Read about the station, designed by architect and preservationist Albert Simons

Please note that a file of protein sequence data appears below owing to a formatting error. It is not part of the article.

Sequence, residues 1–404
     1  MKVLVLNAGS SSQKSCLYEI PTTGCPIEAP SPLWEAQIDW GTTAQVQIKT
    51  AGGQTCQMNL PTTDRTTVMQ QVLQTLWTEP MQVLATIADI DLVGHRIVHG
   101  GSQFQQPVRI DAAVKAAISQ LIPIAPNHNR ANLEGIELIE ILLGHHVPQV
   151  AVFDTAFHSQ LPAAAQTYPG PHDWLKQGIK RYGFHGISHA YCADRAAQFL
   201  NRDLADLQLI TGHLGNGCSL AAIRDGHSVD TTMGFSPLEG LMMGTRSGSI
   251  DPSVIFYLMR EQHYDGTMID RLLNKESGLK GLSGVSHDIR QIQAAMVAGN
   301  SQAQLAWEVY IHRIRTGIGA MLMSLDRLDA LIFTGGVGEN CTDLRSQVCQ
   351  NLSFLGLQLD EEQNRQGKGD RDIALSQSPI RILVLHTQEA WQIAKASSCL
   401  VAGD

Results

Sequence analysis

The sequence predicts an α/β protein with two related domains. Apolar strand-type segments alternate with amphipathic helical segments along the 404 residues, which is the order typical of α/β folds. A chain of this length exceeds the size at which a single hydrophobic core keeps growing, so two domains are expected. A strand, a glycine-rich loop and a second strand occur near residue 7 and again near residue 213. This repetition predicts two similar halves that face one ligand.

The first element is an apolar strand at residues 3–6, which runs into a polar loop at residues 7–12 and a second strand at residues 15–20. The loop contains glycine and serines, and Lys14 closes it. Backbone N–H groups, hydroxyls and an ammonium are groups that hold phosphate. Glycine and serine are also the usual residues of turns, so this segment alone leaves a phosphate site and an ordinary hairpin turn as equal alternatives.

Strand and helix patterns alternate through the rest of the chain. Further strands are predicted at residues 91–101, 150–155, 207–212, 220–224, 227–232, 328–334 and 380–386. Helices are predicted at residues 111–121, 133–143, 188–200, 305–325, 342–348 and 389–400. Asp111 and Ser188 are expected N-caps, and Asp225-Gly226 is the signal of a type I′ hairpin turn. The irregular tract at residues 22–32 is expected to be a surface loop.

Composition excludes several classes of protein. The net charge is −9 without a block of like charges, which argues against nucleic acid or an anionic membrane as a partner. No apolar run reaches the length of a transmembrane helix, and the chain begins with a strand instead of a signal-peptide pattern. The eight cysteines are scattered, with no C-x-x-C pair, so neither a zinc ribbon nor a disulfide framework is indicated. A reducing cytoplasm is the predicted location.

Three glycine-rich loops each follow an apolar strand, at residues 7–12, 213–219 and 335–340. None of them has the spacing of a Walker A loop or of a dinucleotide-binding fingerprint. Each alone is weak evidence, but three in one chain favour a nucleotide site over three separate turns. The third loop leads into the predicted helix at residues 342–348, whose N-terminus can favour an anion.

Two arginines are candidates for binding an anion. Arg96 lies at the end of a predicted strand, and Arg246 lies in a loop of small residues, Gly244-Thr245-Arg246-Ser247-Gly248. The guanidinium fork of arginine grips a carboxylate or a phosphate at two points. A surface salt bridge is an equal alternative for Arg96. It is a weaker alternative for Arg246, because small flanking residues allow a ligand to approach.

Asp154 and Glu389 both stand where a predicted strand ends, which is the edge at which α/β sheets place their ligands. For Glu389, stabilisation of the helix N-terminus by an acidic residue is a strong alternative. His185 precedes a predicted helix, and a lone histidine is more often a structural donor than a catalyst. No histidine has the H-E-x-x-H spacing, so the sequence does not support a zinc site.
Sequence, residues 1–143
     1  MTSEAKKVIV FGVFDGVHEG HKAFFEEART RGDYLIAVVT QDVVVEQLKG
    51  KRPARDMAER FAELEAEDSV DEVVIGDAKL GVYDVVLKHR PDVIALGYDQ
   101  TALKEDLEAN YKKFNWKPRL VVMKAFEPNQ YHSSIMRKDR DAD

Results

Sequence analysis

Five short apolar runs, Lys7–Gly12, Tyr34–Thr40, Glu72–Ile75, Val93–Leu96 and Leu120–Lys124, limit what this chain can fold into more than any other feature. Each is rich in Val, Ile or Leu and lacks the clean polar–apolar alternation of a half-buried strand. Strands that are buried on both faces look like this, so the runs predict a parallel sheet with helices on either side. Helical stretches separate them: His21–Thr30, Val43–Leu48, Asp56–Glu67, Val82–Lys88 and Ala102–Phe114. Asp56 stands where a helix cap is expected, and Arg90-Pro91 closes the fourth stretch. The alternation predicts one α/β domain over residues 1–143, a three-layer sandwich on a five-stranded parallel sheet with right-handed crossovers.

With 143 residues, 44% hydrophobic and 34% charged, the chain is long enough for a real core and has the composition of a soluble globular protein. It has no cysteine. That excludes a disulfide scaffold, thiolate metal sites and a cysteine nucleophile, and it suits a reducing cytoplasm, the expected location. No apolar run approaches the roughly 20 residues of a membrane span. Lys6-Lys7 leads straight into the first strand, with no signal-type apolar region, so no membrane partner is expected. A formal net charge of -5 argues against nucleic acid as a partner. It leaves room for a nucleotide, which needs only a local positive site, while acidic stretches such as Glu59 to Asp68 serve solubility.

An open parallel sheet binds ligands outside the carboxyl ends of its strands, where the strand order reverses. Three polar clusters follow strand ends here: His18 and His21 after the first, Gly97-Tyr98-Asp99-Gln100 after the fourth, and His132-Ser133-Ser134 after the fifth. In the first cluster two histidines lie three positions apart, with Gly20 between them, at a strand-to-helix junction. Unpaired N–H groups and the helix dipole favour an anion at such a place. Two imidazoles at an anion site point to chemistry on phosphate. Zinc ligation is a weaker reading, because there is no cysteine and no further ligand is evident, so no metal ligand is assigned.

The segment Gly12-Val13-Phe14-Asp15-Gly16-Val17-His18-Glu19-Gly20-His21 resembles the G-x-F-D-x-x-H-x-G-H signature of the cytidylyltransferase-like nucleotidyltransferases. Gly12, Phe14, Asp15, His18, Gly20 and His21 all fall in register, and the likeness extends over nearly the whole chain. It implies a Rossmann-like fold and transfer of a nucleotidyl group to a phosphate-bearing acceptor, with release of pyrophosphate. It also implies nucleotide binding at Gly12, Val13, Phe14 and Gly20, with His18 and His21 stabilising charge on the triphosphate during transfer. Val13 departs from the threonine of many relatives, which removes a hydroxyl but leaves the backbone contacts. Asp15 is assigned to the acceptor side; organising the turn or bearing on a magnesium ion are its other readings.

When the Gabriel Manigault House—a two-story home constructed by the wealthy American architect in 1802 at the southeast corner of Meeting and George streets—as well as three more historical homes nearby were demolished in 1929 to build two gas stations on Meeting Street, the destruction was met with public outcry. In fact, it helped inspire Charleston City Council to create the country’s first historic district and Board of Architectural Review. In response, the Standard Oil Company hired preservation architect Albert Simons to construct the station at 108 Meeting Street in a Colonial Revival style using wood and brickwork from the former Manigault residence. When Batson’s Exxon Station (pictured here with owner C.R. “Charlie” Batson and his wife) closed in 1981, just after this photograph was taken, the Historic Charleston Foundation (HCF) acquired the building and opened the Frances R. Edmunds Center for Historic Preservation there in 1985. Today, the building serves as Shop Historic Charleston, HCF’s flagship retail space, which helps to fund the organization’s preservation efforts.